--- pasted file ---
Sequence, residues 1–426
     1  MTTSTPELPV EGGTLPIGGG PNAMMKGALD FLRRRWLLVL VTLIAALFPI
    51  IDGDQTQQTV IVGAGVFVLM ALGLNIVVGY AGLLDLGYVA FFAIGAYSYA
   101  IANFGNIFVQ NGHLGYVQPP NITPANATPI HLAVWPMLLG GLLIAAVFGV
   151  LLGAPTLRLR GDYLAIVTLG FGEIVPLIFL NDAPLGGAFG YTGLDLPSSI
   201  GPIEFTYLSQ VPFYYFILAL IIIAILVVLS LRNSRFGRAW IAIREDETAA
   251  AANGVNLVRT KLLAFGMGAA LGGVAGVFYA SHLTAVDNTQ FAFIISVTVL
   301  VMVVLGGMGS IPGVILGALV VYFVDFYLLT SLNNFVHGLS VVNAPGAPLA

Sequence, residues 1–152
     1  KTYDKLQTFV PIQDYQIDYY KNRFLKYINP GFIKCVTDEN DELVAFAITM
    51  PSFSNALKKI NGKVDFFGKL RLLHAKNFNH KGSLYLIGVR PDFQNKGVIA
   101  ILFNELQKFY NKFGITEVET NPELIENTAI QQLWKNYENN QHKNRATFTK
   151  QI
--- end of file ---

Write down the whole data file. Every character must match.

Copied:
Sequence, residues 1–426
     1  MTTSTPELPV EGGTLPIGGG PNAMMKGALD FLRRRWLLVL VTLIAALFPI
    51  IDGDQTQQTV IVGAGVFVLM ALGLNIVVGY AGLLDLGYVA FFAIGAYSYA
   101  IANFGNIFVQ NGHLGYVQPP NITPANATPI HLAVWPMLLG GLLIAAVFGV
   151  LLGAPTLRLR GDYLAIVTLG FGEIVPLIFL NDAPLGGAFG YTGLDLPSSI
   201  GPIEFTYLSQ VPFYYFILAL IIIAILVVLS LRNSRFGRAW IAIREDETAA
   251  AANGVNLVRT KLLAFGMGAA LGGVAGVFYA SHLTAVDNTQ FAFIISVTVL
   301  VMVVLGGMGS IPGVILGALV VYFVDFYLLT SLNNFVHGLS VVNAPGAPLA

Sequence, residues 1–152
     1  KTYDKLQTFV PIQDYQIDYY KNRFLKYINP GFIKCVTDEN DELVAFAITM
    51  PSFSNALKKI NGKVDFFGKL RLLHAKNFNH KGSLYLIGVR PDFQNKGVIA
   101  ILFNELQKFY NKFGITEVET NPELIENTAI QQLWKNYENN QHKNRATFTK
   151  QI